Without question, the two most powerful forces in life are love and death. They are the opposing polarities of existence, creating life and taking it away, bringing enormous joy and causing overwhelming sorrow. All of life is a footnote to the themes of love and death.
Love is intoxicating. The biblical book, Song of Songs, portrays the enormous power of love, with lovers who are “lovesick” (a term from the Song of Songs) and act irrationally. When Jacob falls in love with Rachel, he dramatically overpays for her dowry. Even so, Jacob imagines that he is the one who is getting a bargain, because he is so in love with her. Jacob is blinded by love.
William Blake captures this mindless blindness in a short poem: “Love to faults is always blind, / Always is to joy inclin’d, / Lawless, wing’d and unconfin’d, / And breaks all chains from every mind.” Love hatches remarkable dreams that fly in every direction; with love, nothing seems impossible.
Death brings a blindness of its own. When King Solomon wrote the book of Kohelet (Ecclesiastes), he began with a complaint about the pointlessness of life. Death confounds Solomon, as it is the ultimate question without an answer. What point does life have, he asks, if the righteous man meets the same end as the wicked, and the wise man meets the same end as an animal? Overwhelmed by death, a blind cynicism descends, choking off any experience of joy.
‘Ruth teaches us that the road to redemption is found when one can continue to love after a tragedy, and when that love rebuilds a broken world’
The experiences described in the Song of Songs and Kohelet, the experiences of love and death, are each intoxicating in their own way, but together, they are absolutely incompatible. However, a third biblical book brings both of these themes together: the Book of Ruth. In this story, Naomi and her family move away from Israel and are devastated by the untimely death of her husband, Elimelech, and later, her two sons, Mahlon and Chilion. Alone and impoverished, Mahlon’s wife, Ruth, returns to Israel with Naomi. Refusing to quit on life, Ruth persists, despite discrimination and desperation, to pursue a better life. She insists that she will rebuild the broken home and perpetuate the family of her husband and father-in-law. In the end, she does just that.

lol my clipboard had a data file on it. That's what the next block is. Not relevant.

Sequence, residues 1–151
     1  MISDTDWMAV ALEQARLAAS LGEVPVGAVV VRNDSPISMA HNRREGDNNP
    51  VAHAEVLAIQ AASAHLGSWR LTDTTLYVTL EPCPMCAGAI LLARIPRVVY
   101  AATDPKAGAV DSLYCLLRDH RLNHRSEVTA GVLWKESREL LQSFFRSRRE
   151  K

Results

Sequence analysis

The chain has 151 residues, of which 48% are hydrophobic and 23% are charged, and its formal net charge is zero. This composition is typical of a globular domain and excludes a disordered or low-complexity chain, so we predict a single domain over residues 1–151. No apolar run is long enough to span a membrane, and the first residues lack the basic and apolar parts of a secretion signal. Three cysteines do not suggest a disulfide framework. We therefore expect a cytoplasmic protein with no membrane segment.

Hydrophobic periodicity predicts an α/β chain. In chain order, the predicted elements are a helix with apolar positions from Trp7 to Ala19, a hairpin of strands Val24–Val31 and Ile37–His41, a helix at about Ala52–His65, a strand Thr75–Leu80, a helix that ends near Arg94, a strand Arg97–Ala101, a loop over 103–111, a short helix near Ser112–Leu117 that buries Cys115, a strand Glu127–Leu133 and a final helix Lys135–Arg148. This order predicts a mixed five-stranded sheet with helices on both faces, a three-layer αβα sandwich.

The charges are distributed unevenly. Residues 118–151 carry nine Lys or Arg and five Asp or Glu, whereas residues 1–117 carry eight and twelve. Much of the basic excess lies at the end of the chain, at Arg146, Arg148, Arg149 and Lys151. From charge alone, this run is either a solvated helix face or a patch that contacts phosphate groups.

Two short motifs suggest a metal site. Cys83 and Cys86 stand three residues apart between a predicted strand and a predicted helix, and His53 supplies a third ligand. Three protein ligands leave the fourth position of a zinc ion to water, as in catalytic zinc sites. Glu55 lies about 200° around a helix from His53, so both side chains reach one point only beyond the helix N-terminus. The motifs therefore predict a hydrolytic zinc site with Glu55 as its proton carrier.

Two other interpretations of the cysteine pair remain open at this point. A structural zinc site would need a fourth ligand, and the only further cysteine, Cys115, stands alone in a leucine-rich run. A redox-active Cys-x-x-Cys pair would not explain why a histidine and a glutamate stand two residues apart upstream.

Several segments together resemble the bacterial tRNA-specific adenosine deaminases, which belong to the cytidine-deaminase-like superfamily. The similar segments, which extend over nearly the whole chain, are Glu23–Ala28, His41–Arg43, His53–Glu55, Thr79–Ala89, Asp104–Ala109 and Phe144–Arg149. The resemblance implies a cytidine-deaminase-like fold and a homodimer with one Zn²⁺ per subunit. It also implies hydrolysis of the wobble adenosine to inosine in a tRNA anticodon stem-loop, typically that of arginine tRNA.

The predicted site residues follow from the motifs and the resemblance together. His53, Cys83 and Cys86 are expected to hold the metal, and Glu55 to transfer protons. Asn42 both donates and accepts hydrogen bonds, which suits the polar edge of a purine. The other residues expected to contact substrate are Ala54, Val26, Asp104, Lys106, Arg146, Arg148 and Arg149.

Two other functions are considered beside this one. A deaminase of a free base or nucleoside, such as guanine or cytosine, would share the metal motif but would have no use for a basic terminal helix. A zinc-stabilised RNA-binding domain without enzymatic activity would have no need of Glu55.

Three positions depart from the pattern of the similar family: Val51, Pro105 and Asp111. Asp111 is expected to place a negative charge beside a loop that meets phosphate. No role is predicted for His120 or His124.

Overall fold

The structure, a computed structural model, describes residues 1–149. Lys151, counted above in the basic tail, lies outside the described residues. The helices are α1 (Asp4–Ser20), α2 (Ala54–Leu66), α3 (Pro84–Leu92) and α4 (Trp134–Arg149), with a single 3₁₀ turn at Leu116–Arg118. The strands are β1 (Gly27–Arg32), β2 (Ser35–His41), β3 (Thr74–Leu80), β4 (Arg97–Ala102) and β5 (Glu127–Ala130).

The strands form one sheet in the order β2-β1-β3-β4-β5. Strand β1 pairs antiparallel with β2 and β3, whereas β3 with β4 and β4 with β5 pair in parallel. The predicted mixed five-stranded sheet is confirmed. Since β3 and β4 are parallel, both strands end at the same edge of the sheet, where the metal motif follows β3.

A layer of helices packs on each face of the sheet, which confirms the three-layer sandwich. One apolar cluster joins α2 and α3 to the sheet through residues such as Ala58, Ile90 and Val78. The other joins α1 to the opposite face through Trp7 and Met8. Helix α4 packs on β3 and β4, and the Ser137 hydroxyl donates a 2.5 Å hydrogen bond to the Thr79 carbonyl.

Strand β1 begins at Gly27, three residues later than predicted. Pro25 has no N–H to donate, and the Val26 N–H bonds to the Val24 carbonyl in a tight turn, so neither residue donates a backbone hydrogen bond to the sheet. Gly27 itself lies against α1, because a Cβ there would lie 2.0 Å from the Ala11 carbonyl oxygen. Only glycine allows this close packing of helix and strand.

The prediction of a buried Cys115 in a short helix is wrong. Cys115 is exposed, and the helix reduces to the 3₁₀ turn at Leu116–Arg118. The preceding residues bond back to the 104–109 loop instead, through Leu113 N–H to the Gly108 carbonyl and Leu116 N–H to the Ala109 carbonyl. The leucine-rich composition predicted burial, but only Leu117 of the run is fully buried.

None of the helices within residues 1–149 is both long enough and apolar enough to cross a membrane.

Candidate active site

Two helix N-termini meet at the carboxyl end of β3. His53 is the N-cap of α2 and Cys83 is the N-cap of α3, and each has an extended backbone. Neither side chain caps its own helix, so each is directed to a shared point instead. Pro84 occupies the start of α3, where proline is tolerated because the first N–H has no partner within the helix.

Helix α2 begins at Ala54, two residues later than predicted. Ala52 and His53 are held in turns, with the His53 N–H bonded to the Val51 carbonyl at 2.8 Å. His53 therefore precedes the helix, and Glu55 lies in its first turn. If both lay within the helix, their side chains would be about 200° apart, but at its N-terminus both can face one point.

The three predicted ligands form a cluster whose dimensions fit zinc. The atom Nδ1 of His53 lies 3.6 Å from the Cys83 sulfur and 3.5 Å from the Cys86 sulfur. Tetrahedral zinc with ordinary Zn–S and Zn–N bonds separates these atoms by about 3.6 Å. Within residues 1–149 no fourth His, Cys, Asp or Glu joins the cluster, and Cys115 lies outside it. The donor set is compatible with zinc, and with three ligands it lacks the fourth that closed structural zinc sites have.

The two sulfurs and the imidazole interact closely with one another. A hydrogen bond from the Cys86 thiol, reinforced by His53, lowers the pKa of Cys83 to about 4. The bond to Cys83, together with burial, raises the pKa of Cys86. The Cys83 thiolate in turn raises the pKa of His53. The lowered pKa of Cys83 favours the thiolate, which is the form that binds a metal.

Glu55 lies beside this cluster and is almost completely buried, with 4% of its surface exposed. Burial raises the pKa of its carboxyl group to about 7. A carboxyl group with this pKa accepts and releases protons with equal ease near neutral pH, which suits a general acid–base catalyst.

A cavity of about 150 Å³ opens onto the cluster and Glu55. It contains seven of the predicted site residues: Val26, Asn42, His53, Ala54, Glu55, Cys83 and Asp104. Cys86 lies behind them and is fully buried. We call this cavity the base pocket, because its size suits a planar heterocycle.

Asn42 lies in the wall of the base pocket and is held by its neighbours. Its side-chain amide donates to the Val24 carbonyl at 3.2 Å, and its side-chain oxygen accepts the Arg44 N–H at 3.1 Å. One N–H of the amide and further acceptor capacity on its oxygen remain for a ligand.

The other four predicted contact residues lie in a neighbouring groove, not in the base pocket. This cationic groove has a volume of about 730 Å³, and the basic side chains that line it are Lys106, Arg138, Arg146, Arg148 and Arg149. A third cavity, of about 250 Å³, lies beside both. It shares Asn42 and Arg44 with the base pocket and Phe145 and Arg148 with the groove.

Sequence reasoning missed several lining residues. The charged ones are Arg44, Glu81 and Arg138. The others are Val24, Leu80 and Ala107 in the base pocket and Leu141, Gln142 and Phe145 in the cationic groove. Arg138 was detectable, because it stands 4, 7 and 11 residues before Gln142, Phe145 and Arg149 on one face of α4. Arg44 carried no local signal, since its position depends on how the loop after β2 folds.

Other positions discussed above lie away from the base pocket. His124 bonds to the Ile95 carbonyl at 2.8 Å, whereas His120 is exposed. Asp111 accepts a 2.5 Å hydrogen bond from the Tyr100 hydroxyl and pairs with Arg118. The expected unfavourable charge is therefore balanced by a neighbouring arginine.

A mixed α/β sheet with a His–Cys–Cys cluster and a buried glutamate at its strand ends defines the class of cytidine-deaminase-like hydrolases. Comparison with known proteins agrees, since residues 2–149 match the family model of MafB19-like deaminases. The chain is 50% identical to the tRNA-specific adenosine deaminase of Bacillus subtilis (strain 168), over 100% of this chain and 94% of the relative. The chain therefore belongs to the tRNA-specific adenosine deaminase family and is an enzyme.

‘They gave charity with fury, demanding a better world than the one they had escaped. And they celebrated with a unique joy’
The Book of Ruth is not just a book of love and death; it is book about a different type of love, a love that occurs after death. Instead of succumbing to cynicism, this love battles death; and instead of intoxication, this love arrives with determination. The Book of Ruth defines redemption as the ability to rebuild and fix that which was broken. And that is precisely what Ruth’s love does. Ruth teaches us that the road to redemption is found when one can continue to love after a tragedy and when that love rebuilds a broken world.
Jewish history is the history of redemption; it is a history of people who continue to love despite having every reason to be bitter and cynical. In the last 75 years, we have watched the story of redemption unfold, once again. Crushed by the Holocaust, the Jewish People simply should have given up. Yet, the survivors of that horror followed Ruth’s example. Many were part of the Bricha and were smuggled into Israel on boats. Thousands went directly to fight for the new State of Israel. Others arrived in North America, where they married, built families, businesses and communities.
I have been privileged to know many of these survivors, the redemptive rebuilders of the Jewish community. They gave charity with fury, demanding a better world than the one they had escaped. And they celebrated with a unique joy, knowing that with each simchah, they once again defied the angel of death. And when they made a l’chaim at a celebration, you could see something remarkable twinkling in their eyes: the miracle of redemption, the ability of love to overcome death.